As a native of West Palm Beach, Hector Diaz has been in the arts all his life.
He trained as a graphic artist and did in-house advertising for many years before starting to create street art about 25 years ago.
“I didn’t think of myself as an artist when I began as I was going to tech school and then got a graphic arts degree. The first piece of street art I ever did was terrible but it didn’t discourage me. I really did it for the interaction and I even enjoyed all the interruptions from people watching. That’s a big part of it and I like the whole experience. Kids ask all kinds of funny questions,” he says, sitting in the sophisticated new Habatat Gallery space in Northwood where he is a partner.
“Now I am doing some murals that are up to 50 feet long. It’s challenging work – hot, sweaty and tough on your knees and back but I love the process and the interaction with the crowds. It’s an immediate thing as opposed to making art solo in a studio.”
Diaz has become a specialist in a very tricky genre- making anamorphic art that changes, moves perspective, and morphs when viewed through a cell phone or app. The trick is understanding perspective, taking an image into Photoshop, stretching and elongating it, then managing to paint that flat on a ground surface so that the whole thing comes together when viewed through a camera phone.
His unique art has taken him around the country to various street festivals, networking along the way and occasionally teaming up with others to paint.
Diaz has just completed three of a series of four murals in West Palm Beach parks that have an environmental theme in order to bring awareness to the city’s water sources and wildlife. He got the jobs when he applied through the Art in Public Places call. The theme was “Frame Your Neighborhood” but there were no specific image ideas beyond that.
Next to a Howard Park pond, the sidewalk appears to have cracked open creating a large puddle where a huge, realistic-looking alligator appears sunbathing among the seagrass and lily pads.
“I was going to make the gator more fearsome,” he says. “But decided to have it be more kid-friendly, although there are signs right there warning about gators in the area.”
On a sidewalk next to the South Olive Park fountain two manatees are peeking up through a hole blasted in the concrete, curiously looking up to see what’s above the waterline.
And one last mural at Coleman Park where Diaz originally supposed to tie it into the others with the water theme, but because of the rich baseball history this site has, he felt it was only right to pay tribute to that. “The piece is positioned on the main walkway leading up to the community center with the baseball sculpture garden on either side of it, so it seemed natural to have a glove there to catch the baseballs,” Diaz says.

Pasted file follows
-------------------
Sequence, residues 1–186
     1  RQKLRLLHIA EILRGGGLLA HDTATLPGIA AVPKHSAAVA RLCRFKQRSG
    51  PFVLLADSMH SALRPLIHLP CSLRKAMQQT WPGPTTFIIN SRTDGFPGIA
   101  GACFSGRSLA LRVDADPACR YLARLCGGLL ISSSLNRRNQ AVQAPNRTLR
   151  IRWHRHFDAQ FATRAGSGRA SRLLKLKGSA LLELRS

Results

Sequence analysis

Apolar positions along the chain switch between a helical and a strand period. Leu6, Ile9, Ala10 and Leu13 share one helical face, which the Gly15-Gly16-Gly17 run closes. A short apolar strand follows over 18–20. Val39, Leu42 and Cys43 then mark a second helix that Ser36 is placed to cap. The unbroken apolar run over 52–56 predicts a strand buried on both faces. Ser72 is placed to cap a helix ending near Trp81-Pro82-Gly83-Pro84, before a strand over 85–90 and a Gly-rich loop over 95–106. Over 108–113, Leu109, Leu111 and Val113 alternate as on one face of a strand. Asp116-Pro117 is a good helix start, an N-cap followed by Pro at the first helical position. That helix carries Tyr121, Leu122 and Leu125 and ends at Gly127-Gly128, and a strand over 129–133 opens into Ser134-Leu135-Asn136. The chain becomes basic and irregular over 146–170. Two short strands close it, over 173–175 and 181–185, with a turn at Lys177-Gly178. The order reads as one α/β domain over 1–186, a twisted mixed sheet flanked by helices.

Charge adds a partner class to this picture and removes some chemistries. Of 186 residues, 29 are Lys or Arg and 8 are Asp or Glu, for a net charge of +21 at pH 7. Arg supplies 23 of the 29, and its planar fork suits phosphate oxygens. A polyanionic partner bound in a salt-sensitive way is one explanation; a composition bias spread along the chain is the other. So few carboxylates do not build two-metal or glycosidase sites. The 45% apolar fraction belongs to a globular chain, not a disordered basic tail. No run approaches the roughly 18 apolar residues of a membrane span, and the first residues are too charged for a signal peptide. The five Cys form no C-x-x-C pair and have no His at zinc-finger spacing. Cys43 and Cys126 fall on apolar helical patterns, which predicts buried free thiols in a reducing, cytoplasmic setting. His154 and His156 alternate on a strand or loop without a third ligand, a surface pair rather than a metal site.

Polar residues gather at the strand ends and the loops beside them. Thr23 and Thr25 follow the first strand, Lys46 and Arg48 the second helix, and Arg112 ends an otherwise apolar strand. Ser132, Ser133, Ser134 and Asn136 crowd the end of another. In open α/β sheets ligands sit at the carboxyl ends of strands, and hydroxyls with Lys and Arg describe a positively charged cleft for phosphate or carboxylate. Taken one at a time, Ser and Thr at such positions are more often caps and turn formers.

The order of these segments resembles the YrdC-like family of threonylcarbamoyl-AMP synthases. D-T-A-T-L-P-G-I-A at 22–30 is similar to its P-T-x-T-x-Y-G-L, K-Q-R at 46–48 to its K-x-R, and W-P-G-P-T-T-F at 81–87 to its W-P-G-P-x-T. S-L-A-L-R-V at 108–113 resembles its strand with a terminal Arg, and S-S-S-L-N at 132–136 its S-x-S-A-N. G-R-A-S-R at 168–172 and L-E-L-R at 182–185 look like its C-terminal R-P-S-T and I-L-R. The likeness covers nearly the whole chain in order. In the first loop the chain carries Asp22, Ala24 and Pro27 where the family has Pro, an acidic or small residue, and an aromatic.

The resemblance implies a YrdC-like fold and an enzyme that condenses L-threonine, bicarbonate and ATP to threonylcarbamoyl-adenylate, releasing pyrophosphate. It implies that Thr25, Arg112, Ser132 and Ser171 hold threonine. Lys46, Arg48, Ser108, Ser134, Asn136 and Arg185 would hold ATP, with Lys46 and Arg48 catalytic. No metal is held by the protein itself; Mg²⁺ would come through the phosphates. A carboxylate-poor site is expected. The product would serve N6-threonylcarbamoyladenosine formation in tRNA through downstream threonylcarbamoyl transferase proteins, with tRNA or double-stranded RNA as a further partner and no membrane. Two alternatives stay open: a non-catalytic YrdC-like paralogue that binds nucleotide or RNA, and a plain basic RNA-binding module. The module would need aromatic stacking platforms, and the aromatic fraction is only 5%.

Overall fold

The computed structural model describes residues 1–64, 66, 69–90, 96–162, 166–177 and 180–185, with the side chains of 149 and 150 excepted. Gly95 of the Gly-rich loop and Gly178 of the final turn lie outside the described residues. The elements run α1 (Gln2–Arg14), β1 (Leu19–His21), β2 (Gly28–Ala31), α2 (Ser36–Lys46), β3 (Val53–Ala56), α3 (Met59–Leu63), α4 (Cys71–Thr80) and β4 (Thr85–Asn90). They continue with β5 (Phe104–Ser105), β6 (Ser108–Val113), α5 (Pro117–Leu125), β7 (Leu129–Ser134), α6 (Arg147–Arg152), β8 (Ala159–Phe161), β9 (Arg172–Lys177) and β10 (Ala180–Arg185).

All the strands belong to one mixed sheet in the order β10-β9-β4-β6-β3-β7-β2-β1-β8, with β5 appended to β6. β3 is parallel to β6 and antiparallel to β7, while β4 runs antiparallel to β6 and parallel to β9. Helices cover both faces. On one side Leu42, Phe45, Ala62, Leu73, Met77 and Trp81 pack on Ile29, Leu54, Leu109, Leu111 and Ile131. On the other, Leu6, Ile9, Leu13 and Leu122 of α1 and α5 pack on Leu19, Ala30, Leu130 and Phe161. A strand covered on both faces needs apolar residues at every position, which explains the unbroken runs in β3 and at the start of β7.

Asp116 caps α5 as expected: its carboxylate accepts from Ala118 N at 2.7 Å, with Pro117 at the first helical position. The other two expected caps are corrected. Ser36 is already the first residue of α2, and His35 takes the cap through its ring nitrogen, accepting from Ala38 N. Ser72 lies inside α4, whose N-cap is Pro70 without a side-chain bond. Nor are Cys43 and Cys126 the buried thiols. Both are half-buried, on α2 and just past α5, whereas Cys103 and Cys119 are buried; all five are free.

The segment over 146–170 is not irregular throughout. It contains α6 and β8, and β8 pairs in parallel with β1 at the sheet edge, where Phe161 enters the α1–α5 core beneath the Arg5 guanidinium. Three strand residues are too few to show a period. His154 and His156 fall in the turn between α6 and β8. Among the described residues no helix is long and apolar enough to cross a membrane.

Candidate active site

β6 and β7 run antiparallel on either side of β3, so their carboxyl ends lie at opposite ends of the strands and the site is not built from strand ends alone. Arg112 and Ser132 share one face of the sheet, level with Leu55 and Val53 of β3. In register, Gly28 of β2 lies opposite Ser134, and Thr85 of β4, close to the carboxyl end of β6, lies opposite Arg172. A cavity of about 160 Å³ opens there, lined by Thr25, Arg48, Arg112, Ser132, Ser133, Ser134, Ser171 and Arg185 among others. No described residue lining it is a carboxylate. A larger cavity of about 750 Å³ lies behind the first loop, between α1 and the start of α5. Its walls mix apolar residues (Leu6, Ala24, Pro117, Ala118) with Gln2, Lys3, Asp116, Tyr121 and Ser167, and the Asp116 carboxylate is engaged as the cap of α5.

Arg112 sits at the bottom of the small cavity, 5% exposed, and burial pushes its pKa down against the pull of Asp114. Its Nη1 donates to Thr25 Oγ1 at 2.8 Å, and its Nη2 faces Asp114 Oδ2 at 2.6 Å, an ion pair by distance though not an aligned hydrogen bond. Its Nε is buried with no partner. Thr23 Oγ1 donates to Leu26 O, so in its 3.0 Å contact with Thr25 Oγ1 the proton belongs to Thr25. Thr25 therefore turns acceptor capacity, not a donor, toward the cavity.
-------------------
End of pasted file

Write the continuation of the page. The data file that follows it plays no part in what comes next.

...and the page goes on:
The project seeks to create public art that encourages artistic exploration, infuses creativity into the City’s diverse neighborhoods.
“When I looked at the locations they were near water so I designed murals that made it look as if the water extended under where you stood next to the pond,” says Diaz. “At first, I was thinking I’d do coral reefs or a beach. It was just some fun ideas to play with and who doesn’t love manatees and gators? I also like that it’s in paint and not chalk this time so it’s permanent and won’t wash away. In the app, there will be augmented reality animation like butterflies flitting around the manatees’ heads. That’s a first for me so excited about that.”
This year marks 100 years since the Negro Baseball League was founded and the area where the Coleman Park is now, used to be where the Negro League Baseball stars would gather for spring training to prepare for the season.
As a street artist, Hector specializes in 2D and 3D anamorphic chalk art and murals and has worked on a multitude of projects throughout the U.S. and Canada. He works on his own, or as part of the award-winning Chalk Guys duo, and also teams up with other talented artists on large scale projects.
He also plays bass in bands in area clubs which is where he met Jay Scott of Habatat Gallery. Jay needed a new partner when the gallery relocated to Northwood from Clematis Street and he asked Diaz to join him about two years ago.
“The gallery has been doing great here both with online sales and walk-ins. It was a good move and this is a much more beautiful space. It gave me more of a reason to stay here in West Palm, I also have two kids that are teenagers so this all keeps me busy! I feel fortunate to be able to give back to the community as I also do master classes for kids, teaching them to draw with the chalk. I hate sitting around!”
You can check out more of his work at his website www.artistdiaz.com